Discovery of a Photoionized Bipolar Outflow toward the Massive Protostar G45.47+0.05
Journal article, 2019
Massive protostars generate strong radiation feedback, which may help set the mass that they achieve by the end of the accretion process. Studying such feedback is therefore crucial for understanding the formation of massive stars. We report the discovery of a photoionized bipolar outflow toward the massive protostar G45.47+0.05 using high-resolution observations at 1.3 mm with the Atacama Large Millimeter/Submillimeter Array (ALMA) and at 7 mm with the Karl G. Jansky Very Large Array (VLA). By modeling the free-free continuum, the ionized outflow is found to be a photoevaporation flow with an electron temperature of 10,000 K and an electron number density of similar to 1.5 x 10(7) cm(-3) at the center, launched from a disk of radius of 110 au. H30 alpha hydrogen recombination line emission shows strong maser amplification, with G45 being one of very few sources to show such millimeter recombination line masers. The mass of the driving source is estimated to be 30-50 M based on the derived ionizing photon rate, or 30-40 M based on the H30 alpha kinematics. The kinematics of the photoevaporated material is dominated by rotation close to the disk plane, while accelerated to outflowing motion above the disk plane. The mass loss rate of the photoevaporation outflow is estimated to be similar to(2-3.5) x 10(-5) M yr(-1). We also found hints of a possible jet embedded inside the wide-angle ionized outflow with nonthermal emissions. The possible coexistence of a jet and a massive photoevaporation outflow suggests that, in spite of the strong photoionization feedback, accretion is still ongoing.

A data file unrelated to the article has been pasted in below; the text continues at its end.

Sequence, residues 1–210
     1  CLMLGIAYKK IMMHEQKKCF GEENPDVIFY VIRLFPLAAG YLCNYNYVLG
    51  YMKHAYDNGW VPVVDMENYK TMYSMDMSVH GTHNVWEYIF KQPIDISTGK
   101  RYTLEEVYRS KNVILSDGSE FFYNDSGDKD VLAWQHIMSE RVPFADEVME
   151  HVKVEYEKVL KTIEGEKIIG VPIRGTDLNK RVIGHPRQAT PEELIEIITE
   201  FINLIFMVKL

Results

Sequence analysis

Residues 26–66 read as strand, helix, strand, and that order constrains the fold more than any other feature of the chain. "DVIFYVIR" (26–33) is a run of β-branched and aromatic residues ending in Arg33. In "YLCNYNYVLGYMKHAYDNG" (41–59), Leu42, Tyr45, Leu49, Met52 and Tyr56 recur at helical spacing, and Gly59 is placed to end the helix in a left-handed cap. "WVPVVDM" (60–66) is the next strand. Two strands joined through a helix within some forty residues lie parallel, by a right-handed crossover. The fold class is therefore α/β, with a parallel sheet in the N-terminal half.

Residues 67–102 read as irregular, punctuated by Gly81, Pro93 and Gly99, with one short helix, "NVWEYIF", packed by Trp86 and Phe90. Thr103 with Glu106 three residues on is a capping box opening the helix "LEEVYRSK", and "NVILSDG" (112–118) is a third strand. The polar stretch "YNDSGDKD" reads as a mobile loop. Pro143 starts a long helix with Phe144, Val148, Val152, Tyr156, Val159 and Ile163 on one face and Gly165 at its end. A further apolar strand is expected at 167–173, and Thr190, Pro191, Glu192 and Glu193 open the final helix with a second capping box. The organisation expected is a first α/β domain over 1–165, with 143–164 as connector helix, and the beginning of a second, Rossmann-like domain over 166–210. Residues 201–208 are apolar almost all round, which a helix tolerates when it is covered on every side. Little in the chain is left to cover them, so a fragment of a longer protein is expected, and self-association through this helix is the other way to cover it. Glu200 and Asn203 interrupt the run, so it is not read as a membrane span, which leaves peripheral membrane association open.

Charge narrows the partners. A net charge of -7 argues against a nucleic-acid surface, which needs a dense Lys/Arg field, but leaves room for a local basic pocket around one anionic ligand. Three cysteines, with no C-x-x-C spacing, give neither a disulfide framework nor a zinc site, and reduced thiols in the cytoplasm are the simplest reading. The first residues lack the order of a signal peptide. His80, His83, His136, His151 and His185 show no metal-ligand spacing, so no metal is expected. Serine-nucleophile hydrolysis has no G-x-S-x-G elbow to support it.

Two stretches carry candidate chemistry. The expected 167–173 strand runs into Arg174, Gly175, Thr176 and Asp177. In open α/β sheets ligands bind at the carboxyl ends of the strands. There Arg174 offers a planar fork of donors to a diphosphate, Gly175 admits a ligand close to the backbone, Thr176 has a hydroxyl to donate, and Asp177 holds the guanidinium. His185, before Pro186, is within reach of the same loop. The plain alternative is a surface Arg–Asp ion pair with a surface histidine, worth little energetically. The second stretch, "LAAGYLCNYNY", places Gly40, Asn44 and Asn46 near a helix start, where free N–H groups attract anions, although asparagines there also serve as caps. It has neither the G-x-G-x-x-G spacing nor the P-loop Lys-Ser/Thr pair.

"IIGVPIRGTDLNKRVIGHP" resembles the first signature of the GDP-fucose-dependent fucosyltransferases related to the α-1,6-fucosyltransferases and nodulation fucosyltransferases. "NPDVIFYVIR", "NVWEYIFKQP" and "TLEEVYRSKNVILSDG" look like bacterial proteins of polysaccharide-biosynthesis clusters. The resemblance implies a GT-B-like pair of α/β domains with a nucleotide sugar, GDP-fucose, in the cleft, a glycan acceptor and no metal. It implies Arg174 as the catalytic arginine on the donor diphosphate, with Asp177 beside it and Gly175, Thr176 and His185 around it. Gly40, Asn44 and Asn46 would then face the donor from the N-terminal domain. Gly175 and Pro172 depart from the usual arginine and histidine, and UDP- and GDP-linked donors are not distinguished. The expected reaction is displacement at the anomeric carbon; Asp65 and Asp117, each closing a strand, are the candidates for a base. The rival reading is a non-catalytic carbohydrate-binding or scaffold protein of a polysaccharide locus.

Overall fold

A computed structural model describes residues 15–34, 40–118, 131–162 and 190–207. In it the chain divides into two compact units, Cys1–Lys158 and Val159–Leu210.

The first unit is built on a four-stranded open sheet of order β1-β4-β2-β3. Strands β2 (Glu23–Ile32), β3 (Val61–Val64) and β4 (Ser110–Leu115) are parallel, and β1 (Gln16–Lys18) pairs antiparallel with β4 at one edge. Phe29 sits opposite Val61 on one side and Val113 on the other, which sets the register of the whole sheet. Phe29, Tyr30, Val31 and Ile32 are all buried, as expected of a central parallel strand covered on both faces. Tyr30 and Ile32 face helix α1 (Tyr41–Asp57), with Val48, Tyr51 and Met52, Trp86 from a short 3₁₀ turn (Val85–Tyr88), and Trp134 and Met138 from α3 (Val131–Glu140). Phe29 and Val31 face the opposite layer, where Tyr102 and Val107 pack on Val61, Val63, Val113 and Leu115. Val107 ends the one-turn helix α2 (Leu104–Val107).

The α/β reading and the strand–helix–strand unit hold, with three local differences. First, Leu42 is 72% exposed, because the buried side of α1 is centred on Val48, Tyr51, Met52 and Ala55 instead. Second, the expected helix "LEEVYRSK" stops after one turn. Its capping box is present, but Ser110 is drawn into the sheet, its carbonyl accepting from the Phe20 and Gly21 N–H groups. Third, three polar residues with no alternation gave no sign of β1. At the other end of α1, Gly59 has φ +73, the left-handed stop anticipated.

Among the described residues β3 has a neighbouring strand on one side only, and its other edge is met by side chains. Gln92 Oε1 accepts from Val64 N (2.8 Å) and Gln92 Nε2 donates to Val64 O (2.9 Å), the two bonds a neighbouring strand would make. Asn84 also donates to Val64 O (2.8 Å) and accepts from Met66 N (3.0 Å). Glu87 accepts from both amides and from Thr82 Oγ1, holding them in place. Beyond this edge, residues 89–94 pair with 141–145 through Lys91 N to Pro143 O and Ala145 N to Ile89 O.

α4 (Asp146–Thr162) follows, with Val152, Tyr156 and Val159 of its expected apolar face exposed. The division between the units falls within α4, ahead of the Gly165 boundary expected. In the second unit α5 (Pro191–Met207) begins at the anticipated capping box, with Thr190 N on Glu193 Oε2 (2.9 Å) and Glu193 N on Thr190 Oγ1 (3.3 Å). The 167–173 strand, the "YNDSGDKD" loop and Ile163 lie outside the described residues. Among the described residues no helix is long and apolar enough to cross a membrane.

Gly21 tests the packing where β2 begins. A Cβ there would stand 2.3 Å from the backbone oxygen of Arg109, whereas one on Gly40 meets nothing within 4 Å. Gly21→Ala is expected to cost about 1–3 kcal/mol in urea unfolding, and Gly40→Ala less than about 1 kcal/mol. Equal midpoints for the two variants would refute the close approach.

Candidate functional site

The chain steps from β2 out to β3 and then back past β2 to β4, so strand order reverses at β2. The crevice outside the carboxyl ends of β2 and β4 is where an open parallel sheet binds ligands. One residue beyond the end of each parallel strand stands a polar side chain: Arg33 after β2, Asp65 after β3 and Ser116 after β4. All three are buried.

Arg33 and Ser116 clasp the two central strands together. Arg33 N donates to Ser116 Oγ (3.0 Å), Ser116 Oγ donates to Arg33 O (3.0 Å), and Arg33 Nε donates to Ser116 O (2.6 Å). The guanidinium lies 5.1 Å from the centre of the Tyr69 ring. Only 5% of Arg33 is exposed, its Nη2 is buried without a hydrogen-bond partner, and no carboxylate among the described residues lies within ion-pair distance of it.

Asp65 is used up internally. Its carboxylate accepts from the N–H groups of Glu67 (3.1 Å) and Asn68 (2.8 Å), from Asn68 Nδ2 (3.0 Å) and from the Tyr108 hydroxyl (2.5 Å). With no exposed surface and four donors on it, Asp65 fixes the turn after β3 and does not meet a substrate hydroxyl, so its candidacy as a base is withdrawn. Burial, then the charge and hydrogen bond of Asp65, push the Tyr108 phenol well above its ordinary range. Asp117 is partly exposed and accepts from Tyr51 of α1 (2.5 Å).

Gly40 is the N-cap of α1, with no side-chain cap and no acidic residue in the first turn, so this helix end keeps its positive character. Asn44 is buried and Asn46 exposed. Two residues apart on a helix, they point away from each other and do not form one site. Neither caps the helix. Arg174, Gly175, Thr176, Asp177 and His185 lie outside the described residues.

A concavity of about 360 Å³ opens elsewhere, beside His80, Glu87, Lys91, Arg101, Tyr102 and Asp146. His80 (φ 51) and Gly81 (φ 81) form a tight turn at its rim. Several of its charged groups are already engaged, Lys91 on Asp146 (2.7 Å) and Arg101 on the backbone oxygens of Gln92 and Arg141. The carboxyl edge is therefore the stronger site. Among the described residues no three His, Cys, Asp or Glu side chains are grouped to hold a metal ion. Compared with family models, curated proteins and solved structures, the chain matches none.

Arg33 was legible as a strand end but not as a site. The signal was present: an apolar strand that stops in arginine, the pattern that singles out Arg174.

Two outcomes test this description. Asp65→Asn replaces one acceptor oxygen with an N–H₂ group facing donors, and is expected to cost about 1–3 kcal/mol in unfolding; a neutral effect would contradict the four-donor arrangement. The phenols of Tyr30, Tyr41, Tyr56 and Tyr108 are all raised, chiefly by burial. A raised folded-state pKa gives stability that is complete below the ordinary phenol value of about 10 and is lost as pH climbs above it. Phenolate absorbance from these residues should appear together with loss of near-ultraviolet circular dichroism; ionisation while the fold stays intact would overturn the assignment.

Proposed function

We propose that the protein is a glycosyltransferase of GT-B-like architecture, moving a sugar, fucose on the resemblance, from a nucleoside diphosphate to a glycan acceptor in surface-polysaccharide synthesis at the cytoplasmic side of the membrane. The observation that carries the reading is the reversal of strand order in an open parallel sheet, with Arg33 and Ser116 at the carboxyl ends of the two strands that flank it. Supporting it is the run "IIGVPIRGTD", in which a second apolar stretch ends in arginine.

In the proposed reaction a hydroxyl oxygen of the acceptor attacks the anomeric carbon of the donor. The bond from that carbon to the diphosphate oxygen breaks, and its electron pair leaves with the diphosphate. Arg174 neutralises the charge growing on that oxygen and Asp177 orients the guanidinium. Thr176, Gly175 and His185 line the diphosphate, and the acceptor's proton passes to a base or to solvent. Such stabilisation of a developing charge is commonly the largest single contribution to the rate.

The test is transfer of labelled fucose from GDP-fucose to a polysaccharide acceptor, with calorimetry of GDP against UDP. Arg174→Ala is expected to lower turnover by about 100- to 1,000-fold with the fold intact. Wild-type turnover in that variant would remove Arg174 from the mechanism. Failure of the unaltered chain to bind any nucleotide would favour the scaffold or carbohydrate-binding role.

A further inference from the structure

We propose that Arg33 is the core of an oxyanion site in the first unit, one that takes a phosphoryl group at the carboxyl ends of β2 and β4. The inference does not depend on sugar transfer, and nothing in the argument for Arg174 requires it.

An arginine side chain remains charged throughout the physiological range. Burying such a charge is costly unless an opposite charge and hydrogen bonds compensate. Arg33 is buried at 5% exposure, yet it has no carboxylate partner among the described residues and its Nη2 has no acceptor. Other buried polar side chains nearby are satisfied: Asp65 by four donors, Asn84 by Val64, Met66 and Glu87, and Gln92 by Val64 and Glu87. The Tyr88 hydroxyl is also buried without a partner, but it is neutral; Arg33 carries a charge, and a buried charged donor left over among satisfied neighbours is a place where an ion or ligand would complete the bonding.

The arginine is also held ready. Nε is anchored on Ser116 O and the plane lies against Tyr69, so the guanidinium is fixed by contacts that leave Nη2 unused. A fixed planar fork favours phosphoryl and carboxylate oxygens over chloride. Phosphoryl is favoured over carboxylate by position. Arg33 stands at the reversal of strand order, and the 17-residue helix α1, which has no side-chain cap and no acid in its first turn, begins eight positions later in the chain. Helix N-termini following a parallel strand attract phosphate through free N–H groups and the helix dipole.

H II regions